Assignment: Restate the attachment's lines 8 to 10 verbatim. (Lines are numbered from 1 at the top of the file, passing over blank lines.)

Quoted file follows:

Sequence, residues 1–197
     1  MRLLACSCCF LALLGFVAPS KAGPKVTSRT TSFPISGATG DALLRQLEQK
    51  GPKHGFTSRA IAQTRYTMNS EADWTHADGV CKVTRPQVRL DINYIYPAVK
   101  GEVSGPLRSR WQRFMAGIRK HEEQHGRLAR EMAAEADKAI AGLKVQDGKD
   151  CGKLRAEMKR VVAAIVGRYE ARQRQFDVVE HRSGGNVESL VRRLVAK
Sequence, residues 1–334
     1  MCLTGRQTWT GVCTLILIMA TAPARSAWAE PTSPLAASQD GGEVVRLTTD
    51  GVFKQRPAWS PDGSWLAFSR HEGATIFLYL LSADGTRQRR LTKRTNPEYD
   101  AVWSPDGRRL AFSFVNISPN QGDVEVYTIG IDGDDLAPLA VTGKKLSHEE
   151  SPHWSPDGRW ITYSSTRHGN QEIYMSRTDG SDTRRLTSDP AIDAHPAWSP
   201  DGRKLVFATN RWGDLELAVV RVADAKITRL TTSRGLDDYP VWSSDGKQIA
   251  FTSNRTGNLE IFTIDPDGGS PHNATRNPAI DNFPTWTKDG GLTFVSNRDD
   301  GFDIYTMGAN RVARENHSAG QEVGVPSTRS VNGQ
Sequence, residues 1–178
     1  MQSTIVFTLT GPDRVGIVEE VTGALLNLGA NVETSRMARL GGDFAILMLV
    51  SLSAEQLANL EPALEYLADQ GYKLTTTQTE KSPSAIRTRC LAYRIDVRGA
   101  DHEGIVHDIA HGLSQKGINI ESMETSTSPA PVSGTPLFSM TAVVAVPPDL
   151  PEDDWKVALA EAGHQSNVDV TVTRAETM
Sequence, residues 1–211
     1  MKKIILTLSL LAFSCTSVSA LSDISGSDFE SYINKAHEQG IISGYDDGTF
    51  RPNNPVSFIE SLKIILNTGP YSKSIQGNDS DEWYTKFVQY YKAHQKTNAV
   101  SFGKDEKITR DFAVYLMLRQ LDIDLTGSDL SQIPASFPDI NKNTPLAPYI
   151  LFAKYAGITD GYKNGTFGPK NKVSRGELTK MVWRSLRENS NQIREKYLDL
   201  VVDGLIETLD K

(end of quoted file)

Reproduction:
    51  GVFKQRPAWS PDGSWLAFSR HEGATIFLYL LSADGTRQRR LTKRTNPEYD
   101  AVWSPDGRRL AFSFVNISPN QGDVEVYTIG IDGDDLAPLA VTGKKLSHEE
   151  SPHWSPDGRW ITYSSTRHGN QEIYMSRTDG SDTRRLTSDP AIDAHPAWSP